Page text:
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  1. #61
    Administrator highlander's Avatar
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    Quote Originally Posted by Giggly View Post
    I agree but it almost sounds like we're talking about mind reading here.

    And I know that having this ability would be beneficial in a relationship, but it can't be a good idea to continue in, or enable someone else to continue in, a pattern of their actions (external) not matching their intentions (internal)? Maybe there's a healthy middle ground here and we're talking about S vs N stuff but it seems like a line should be drawn somewhere if these two things are constantly contradictory.

    Quote Originally Posted by Giggly View Post
    What?
    What I mean is intentions are good but that good intentions are not enough to lead to a pattern of actions. So, I was agreeing with you. I think it is helpful to understand the internal motivations though because it helps you to get to more of the core of the issue.

    Quote Originally Posted by Giggly View Post

    They need to learn how to express them! Don't ask me how to get them to do that, I'm trying to get people in my life to do it.

    But, seriously, if there are no conflicts or upsets, then I would assume they are happy and have nothing bad to express. Not expressing the good is a problem though.
    They won't express them though because they don't like conflict or being too expressive of their internal emotions. They probably do feel pretty happy but yes, not expressing the good is a problem.

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  2. #62
    No moss growing on me Giggly's Avatar
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    Quote Originally Posted by highlander View Post
    What I mean is intentions are good but that good intentions are not enough to lead to a pattern of actions. So, I was agreeing with you. I think it is helpful to understand the internal motivations though because it helps you to get to more of the core of the issue.
    IME, SOME people just enjoy ruminating for the sake of ruminating. Maybe you can call them dreamers but they've developed the habit of living in their head over time and it doesn't occur to them that there are actions that need to be taken, especially when it comes to other people who are looking to them for something or when something needs to get done. This may sound extreme but I've seen it. I think everyone has a video playing in their head but you have to share that with others if you want real intimacy with them. This is the lesser of the evils though, imo, but still frustrating sometimes.

    This is not the same as people who hold their feelings in which is something ISFJs and INFPs both do, even though they may want to express them. In this case they hold them in because they don't feel safe and secure enough to express them.

    And then there are people who, I hate to say it, have nothing to express. They don't feel much of anything, or rather, their emotions look more like grayscale than rainbow. I would hope that ISFJs don't ever fall into this category though.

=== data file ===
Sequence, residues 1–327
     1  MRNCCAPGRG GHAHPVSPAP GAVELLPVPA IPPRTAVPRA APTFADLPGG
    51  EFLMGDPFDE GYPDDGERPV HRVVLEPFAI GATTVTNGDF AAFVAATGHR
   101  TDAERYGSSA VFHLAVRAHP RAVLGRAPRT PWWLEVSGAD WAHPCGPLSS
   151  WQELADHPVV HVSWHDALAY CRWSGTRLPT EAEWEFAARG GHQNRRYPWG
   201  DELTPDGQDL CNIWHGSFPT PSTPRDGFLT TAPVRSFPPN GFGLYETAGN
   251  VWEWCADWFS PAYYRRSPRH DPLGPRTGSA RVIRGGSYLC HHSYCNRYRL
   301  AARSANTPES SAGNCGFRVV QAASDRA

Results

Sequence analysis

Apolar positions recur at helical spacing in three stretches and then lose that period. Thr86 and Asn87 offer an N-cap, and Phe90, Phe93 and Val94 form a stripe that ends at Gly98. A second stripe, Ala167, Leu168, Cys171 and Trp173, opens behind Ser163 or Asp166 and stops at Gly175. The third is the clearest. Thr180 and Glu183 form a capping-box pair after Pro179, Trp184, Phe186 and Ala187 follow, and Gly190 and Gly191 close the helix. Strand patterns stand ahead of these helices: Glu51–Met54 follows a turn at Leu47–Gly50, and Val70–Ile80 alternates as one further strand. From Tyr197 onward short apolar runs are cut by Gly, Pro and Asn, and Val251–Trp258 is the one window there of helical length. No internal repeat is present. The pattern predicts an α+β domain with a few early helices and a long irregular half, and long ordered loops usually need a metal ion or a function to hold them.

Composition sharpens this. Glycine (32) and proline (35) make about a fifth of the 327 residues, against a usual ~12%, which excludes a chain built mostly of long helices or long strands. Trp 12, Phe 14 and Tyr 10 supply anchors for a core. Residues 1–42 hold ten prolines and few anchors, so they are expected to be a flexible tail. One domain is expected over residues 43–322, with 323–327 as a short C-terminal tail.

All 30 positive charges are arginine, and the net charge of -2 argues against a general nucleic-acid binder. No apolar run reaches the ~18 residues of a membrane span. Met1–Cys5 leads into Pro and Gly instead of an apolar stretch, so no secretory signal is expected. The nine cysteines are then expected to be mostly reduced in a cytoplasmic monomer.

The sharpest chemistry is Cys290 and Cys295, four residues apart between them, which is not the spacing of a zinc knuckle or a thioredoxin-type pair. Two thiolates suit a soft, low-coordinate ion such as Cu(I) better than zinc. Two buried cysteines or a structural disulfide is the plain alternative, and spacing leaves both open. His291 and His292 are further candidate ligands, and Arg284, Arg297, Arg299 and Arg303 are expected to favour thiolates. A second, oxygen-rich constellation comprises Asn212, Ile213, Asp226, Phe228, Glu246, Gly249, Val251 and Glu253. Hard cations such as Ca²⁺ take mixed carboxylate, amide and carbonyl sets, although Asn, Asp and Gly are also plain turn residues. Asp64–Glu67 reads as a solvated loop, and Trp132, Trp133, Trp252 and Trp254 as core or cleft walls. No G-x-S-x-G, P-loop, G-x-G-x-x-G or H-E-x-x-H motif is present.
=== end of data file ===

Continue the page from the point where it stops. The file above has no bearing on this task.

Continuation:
anyways, now I'm just feeling tired and loopy and am just rambling.

  3. #63
    i love skylights's Avatar
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    Quote Originally Posted by PeaceBaby View Post
    Be sour when opening a gift from an SFJ and you sure can make them very sad and even frustrated, especially when they think you'll be so delighted. So who wants to be the cause of that? My Mom will get defensive that she "tried so hard" and my MIL will jump up, ready with the gift receipt to help "fix" the gift issue and make you "happy" again.
    Ah, yeah, I'm familiar with this. My ESFJ mom has always been one to exchange the gifts - she's a super-practical person, heavier on Je than Fe if that makes sense - and she's not particularly emotional about gifts. But I accidentally really hurt my ISFJ's feelings once when he baked me brownies, and I complained that I'd asked him not to give me food presents because I was dieting at the time. It was a really sweet gesture, and he prefers girls to be thick/curvy anyway, so now I recognize that "written in" the gift was the message of "I love your body the way it is and think you should treat yourself". But at the time it seemed like an awful gift, because it threw me into the internal conflict of being appreciative, eating the brownies, and feeling guilt, or being cold, not eating the brownies, and not feeling guilt.

    To be fair, I also gave him a flower (chosen for its specific meaning) once, because I was proud of him for a major accomplishment and wanted to give him something little to indicate that, and later he told me that he was sort of baffled by the gift, lol.

    Quote Originally Posted by Giggly
    Guilty.

    (Did I oversimplify that?)


    Quote Originally Posted by highlander
    So how about this question. What if you have an ISFJ 9 parent raising an ISFJ 9 child. Neither is particularly emotionally expressive (unlike the ISFJ 2 SX). They are all nice and pleasant to each other all the time and not really expressive of their emotions - neither bad nor good. Conflicts are avoided and there are few upsets. Emotions just aren't expressed in the house. How can they understand what each other is feeling then?